I love to research. Having hopped a slow moving train once, I knew I had to jump off before it got going too fast, and there have been few periods in my life when I haven't had a dog. But what did I know about the workings of a train yard, or how search and rescue dogs are trained?
At times, I'd rather research than plot action or get inside a character's head, to say nothing of those tender love scenes. When I've written myself into a conundrum, I'll throw something into the mix of which I know nothing, and go on a researching mission.
I also love authenticity, which means I have to get to the source, the gritty in the nitty. When I wrote The End Game, I knew from the start trains and dogs would figure prominently in the story. Computers, too, along with cops and prisons. Cops were easy. I worked with them when I reported for the Atlanta Journal-Constitution. My heroine, Moriah Dru, is a former cop, now the owner of a PI firm specializing in finding missing children. Her lover, Richard Lake, is still a cop, useful in getting information, and often a partner when the Atlanta Police Department allows it.
The story is set in Atlanta, where I've lived most of my life. Still I needed to go into a specific neighborhood and get the feel of it, make it a character. Historic Cabbagetown is a small in-town community, built on the railroad tracks in 1881. It provided workers for the Fulton Bag and Cotton Mill.
Because my tale involved kidnapping and murder, I renamed the streets and disguised the houses. I wouldn't want a resident to think I'd pegged him or her as the bad guy. That being said, my former newspaper reviewed the book the reviewer wasn't fooled.
Back to trains, I must have filled half my computer's memory with articles and opinions on trains, from the workings of a rail yard to hoboes – excuse me – box car tourists. I visited a rail yard, and a media representative answered all my questions and invited me to follow up any time. He did ask that I not use sensitive information about guards and shift changes and photography – this for Homeland Security purposes. I had no problem arranging shifts to suit my story, and, I learned, despite vigilance, box car tourists are as determined as ever to ride the rails.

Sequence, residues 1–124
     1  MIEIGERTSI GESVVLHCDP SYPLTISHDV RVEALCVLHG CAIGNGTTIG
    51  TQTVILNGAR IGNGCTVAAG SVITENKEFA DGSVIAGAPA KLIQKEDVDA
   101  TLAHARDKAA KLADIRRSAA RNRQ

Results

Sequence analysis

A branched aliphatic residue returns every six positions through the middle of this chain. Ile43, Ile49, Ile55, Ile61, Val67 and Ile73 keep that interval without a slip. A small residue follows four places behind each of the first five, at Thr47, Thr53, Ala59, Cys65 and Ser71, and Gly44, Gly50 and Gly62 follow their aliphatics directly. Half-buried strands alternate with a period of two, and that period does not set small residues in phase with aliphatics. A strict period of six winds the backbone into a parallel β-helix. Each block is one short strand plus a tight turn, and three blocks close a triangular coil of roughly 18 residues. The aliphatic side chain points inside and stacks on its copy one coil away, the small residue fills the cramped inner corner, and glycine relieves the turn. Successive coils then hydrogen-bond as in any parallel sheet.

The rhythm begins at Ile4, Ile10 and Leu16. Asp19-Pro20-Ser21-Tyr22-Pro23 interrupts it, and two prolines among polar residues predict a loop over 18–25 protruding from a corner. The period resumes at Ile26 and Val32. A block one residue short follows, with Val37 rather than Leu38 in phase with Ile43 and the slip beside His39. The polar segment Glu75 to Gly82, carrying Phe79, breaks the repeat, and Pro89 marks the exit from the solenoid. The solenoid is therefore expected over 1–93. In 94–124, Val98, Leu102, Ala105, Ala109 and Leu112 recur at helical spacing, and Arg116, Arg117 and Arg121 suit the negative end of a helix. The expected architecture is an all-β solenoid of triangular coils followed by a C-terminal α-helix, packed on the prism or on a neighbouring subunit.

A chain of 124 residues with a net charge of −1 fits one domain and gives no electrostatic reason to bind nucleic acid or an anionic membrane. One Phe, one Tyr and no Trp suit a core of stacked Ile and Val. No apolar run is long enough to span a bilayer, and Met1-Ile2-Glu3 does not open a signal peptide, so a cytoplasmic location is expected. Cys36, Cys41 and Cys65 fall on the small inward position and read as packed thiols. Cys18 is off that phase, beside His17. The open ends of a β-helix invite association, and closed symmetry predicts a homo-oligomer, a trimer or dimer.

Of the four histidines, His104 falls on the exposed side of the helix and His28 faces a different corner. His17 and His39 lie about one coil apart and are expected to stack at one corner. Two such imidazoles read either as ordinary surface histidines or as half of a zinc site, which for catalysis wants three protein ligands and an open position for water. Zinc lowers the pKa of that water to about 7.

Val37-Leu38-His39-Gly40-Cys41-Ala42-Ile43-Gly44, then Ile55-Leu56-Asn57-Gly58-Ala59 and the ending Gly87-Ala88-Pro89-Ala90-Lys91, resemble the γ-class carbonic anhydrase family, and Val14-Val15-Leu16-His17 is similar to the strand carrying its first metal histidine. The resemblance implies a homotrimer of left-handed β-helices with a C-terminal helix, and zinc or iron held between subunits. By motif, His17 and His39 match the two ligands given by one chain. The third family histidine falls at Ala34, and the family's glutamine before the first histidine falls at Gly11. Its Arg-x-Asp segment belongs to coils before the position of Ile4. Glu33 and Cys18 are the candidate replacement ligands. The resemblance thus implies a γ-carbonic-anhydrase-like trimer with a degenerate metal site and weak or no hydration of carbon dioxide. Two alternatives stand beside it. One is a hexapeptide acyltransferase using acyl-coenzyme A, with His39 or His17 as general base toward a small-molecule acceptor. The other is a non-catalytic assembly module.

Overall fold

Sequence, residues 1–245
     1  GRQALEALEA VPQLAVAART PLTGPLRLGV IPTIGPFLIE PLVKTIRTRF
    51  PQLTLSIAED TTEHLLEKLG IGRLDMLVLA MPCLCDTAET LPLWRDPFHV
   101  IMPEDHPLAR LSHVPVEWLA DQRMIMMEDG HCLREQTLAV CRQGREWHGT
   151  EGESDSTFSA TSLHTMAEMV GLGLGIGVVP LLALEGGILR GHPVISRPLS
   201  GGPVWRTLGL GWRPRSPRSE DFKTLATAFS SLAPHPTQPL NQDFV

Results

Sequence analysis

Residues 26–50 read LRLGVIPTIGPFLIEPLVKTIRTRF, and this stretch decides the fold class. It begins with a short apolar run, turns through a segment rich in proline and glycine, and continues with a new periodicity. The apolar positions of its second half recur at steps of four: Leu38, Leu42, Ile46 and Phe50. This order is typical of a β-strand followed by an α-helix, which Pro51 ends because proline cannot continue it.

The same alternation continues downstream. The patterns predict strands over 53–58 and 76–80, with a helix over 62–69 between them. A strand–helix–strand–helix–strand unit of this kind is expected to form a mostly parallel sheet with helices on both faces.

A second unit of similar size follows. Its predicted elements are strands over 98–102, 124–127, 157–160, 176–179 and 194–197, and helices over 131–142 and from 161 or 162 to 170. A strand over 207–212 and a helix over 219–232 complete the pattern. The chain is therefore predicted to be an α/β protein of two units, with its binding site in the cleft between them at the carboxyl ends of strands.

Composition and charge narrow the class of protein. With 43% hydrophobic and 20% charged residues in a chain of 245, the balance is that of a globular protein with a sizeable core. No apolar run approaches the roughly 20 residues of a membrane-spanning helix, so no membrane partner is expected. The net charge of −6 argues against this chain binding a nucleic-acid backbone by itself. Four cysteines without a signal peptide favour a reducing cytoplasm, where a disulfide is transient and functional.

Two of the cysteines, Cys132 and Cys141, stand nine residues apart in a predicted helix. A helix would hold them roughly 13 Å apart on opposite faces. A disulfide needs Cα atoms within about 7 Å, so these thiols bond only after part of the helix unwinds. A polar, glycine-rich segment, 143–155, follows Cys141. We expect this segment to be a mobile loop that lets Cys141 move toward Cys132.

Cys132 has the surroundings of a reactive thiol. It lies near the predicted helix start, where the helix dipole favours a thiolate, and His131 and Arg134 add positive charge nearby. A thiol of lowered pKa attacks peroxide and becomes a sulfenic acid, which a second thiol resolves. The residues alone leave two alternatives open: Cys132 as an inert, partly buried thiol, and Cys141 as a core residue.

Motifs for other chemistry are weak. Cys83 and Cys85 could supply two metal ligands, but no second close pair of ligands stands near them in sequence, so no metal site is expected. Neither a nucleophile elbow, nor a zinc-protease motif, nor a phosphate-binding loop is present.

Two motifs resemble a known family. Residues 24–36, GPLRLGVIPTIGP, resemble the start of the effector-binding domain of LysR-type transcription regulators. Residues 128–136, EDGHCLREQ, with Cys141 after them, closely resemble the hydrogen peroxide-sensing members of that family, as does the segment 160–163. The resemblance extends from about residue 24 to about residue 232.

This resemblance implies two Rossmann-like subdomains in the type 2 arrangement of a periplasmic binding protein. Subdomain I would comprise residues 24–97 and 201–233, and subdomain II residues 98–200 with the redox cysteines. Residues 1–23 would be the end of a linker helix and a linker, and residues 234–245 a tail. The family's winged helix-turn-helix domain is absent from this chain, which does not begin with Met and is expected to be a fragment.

Did you know air horns (trains no longer have whistles) are tuned like instruments? Knowing horns helps Dru and Lake track the bad guys.
And did you know there's such a thing as train talk? Short toots means the train's backing up. A blast, blast, toot, blast means the train is going across a grade crossing.
I love research, but I never, ever let it bog down the action. The way I do it is sneak relevant information into the copy bit by bit. There's nothing worse than showing off your knowledge by boring your reader.
Search-and-rescue dogs, I'm convinced, were given to us mortals by a benevolent goddess. In my next life, I'm going to be a trainer. I witnessed these dogs working and learning their specialty (not all dogs are genetically qualified). These specialists do it for the pure joy of showing off their talents and getting a treat at the end of the search. They are tireless in their quest, and, like us, they suffer disappointment if they don't succeed.
Buddy and Jed, my search-and-rescue dog characters came out heroes. Maybe because when I wrote them into the plot, I thought of them as heroes.
I had fun researching computer hacking. I wrote the novel before Criminal Minds shot its first episode. My computer hacker, Webdog, does basically the same thing as Garcia in the show. He is as essential in solving the case as Dru, Lake, the dogs and train talk.
Here's a sample of Webdog's work:
Webdog: "No (human trafficking) ring's advertising on the Web, but they use the lists to troll for buyers. There are contact codes in some of the ads. One has an embedded e-mail address in it."
Dru: "I bet you're going to decode them."
"I ran the alphabet on the script kiddies who do the routine codex of using numbers and characters for the alphabet, and the routine hacker prefixes, suffixes and equivalencies."
Webdog: "I found one e-mail series that's interesting. I finally figured out what crypt they're using. It's a Perl-Crypt-Enigma simulator."
Webdog: "It's an application of the Enigma machine used by the Germans in World War Two."
Dru: "You mean you use World War Two technology to crack an e-mail code?"
Webdog: "Alan Turing, who is the brains behind the first computer, cracked the code because the Germans got sloppy and left their prearranged setting on letters like AAA or XYZ. Default settings will get you every time."
Some things I didn't have to research. My father taught me to play chess when I was growing up. If I lasted to play the end game, it was because my king didn't fall to his rooks or knights.
Gerrie Ferris Finger is a winner of the Malice Domestic Best First Traditional Mystery Novel Competition. She lives on the coast of Georgia with her husband and standard poodle, Bogey. For more about Gerrie and her work, visit her web site or her blog.